Fortunately it didn’t happen to the original because – if the Bible is to be believed – none of us would be around to tell the tale.
A giant replica of Noah’s Ark has been impounded and is racking up fines of £500 a day on Ipswich’s waterfront after the UK authorities said it did not have the correct paperwork.
The 230ft long floating museum, full of sculptures of biblical characters, arrived in November 2019 after being towed across the North Sea from the Netherlands.
The attraction, which has welcomed more than 15,000 visitors, had been due to leave in March 2020 but has been stuck for 18 months after the Maritime and Coastguard Agency (MCA) said it was not seaworthy.
Now the Department of Transport is in discussions with the MCA and the Dutch Ministry of Infrastructure and Water Management, and its Human Environment and Transport Inspectorate, to find a way for the ship to be released.
A DfT spokesperson said they were “aware of the situation” and in discussion with relevant agencies in the Netherlands and UK.
“Safety remains the top priority’, the spokesperson said.
The owner of the replica Ark, Dutch TV and theatre producer Aad Peters, is desperate for it to be allowed home.
“The Ark needs to move…this Old Testament ship with the Tree of Life and He who brought forgiveness on board needs to be in motion again,” he wrote on Facebook.
Documents, obtained through a Freedom of Information request by the Ipswich Star, reveal the MCA has ruled it cannot release the Ark until it has a load line certificate and papers to show it meets anti-fouling laws.
The certificate is issued by the country where a vessel is registered and states how low it can safely sink in the water when fully loaded under different conditions.
Mr Peters tried to get the vessel towed in March by asking authorities to issue a certificate for a one-off voyage. The MCA, however, told his agents that it was not possible to exempt the Ark from international rules as it was not registered in the UK.
As of January 2021 the detention of the vessel had cost its owners £12,132, and it has been incurring £500 daily fines since April 1.
Mr Peters’s agents had argued that the vessel was designated by the Dutch maritime authorities as a “non-certified floating object” which means it did not have to comply with international regulations.
But the coastguard also wants to see evidence that the Ark complies with international rules banning hulls from being treated with anti-fouling paint which contains chemicals harmful to wildlife.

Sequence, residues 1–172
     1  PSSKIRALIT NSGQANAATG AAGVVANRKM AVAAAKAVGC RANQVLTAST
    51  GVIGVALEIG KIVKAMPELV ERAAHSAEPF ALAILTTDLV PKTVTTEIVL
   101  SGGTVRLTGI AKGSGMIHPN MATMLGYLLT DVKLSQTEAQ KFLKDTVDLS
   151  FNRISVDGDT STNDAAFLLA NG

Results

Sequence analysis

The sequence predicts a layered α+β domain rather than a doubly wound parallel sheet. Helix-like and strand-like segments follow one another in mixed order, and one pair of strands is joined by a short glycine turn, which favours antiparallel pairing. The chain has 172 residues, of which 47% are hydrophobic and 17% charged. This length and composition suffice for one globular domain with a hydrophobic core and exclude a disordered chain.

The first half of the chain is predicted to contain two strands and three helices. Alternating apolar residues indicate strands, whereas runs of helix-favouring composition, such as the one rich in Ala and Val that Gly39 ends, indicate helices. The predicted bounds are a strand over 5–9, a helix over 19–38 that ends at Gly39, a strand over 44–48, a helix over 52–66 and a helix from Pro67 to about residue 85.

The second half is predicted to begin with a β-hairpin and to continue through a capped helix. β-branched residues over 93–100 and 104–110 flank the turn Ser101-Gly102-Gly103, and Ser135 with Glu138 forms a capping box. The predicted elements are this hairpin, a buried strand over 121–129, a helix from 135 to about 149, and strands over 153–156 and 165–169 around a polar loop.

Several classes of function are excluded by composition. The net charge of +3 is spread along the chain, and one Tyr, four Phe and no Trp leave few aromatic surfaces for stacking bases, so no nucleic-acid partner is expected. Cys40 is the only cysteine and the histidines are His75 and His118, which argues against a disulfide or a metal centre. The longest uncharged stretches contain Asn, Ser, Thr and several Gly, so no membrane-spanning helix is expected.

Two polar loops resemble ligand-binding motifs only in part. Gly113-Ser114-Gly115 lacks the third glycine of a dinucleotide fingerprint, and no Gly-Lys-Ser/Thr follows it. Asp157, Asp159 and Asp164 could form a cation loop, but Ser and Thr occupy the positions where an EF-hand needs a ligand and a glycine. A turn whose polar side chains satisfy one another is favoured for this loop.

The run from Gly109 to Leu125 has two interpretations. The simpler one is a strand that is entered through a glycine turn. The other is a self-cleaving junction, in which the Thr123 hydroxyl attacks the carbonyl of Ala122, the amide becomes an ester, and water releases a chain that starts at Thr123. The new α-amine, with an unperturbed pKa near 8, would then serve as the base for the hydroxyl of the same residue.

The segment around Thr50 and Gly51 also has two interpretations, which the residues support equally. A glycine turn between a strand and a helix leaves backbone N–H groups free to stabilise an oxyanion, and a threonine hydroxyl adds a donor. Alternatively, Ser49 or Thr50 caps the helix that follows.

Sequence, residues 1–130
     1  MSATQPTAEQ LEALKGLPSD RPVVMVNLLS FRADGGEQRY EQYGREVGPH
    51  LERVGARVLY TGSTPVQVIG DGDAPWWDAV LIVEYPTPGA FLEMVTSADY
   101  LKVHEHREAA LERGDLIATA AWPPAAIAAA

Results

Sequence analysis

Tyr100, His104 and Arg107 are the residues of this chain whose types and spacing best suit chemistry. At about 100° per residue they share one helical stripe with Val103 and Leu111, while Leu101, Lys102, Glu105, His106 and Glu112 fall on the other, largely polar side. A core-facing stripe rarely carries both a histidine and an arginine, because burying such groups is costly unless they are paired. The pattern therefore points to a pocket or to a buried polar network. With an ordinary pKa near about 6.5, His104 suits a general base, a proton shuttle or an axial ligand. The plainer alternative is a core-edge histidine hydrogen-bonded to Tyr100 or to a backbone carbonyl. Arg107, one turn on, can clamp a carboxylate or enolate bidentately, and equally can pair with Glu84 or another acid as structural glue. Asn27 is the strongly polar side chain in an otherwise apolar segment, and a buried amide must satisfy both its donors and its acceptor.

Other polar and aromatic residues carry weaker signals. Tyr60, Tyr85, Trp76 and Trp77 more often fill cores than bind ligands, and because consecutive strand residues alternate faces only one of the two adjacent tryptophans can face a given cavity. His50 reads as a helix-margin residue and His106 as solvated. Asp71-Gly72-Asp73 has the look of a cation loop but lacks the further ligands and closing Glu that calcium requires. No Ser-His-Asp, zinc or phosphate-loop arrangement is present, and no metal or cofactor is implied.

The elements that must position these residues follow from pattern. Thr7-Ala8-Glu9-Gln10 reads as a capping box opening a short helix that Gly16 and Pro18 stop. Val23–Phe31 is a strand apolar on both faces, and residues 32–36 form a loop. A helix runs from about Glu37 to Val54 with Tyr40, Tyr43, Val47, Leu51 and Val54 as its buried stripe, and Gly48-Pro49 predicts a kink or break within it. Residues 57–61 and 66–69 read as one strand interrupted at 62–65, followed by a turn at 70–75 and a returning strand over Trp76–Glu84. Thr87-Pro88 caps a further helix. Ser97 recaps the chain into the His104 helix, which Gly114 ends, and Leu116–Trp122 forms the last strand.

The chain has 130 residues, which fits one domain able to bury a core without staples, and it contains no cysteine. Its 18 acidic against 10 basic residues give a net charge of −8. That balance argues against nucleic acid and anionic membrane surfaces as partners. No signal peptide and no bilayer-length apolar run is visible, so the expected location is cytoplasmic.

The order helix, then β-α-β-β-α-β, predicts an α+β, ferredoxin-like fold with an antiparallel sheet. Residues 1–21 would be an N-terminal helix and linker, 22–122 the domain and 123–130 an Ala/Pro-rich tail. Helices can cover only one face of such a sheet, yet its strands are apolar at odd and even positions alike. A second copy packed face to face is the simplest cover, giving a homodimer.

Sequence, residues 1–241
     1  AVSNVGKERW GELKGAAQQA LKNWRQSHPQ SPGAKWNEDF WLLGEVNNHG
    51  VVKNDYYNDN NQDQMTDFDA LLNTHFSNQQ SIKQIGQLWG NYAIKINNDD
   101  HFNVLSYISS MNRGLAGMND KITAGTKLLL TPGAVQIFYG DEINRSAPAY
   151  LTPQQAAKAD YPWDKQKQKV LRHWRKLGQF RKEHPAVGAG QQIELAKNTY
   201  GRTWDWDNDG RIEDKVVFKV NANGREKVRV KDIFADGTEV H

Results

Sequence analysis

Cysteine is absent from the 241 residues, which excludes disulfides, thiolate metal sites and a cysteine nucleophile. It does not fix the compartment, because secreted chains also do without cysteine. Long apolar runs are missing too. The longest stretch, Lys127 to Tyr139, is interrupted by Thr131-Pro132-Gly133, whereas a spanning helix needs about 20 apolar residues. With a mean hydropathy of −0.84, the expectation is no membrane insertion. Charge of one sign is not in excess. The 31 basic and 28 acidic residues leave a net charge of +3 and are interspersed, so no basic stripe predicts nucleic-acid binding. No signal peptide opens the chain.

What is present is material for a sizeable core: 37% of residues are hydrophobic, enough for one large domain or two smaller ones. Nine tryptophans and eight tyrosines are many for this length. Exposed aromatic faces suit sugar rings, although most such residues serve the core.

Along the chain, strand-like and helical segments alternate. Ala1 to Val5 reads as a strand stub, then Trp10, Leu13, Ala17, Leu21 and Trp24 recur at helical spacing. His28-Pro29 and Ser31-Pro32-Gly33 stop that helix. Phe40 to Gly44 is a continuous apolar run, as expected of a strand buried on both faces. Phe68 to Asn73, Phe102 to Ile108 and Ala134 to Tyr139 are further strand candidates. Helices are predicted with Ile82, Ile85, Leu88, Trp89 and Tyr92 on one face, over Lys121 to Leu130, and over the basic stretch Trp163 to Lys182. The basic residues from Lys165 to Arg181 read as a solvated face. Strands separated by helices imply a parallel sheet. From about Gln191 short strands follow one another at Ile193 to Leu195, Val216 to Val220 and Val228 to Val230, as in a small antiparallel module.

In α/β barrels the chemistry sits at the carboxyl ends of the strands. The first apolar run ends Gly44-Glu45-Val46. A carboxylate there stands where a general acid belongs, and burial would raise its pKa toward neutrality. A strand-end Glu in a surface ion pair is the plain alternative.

Emails from coastguard bosses, seen by the Ipswich Star, raise “serious concerns” about the condition of the vessel, including the fact it is 61 years old.
“We do have concerns about this vessel and we cannot rely on the grace of God that it can be safely towed to Holland,” the emails read.
It is understood the Dutch Government is lobbying the UK Foreign Office and the Department of Transport on the issue.
A spokesperson for the MCA said: “The vessel, Noah’s Ark, will remain detained until all the deficiencies have been put right and a MCA surveyor is invited to check they’ve been corrected.”
Mr Peters, who is now back in the Netherlands, has described his Ark as “a message of hope” and “an educational and cultural celebration of many of the Bible’s legendary stories”.
His spokesperson said: “The requirement to obtain full registration and the required certificates was and may not be achievable within the required timescales and would incur unreasonable costs and time delays to the vessel.
“Towage plans have now been made for the Ark to return to the Netherlands and the vessel is still awaiting towage approval to depart from the UK.
“Owners have been continuously seeking a means (of release) and (permittance) to be towed on a single voyage from the UK to the Netherlands, with an agreed towage plan.”
Just as well nobody ever asked Noah for an agreed towage plan, or for that matter a load line certificate, after the man himself loaded a male and female of every animal onto his Ark on being warned of the devastating flood to come.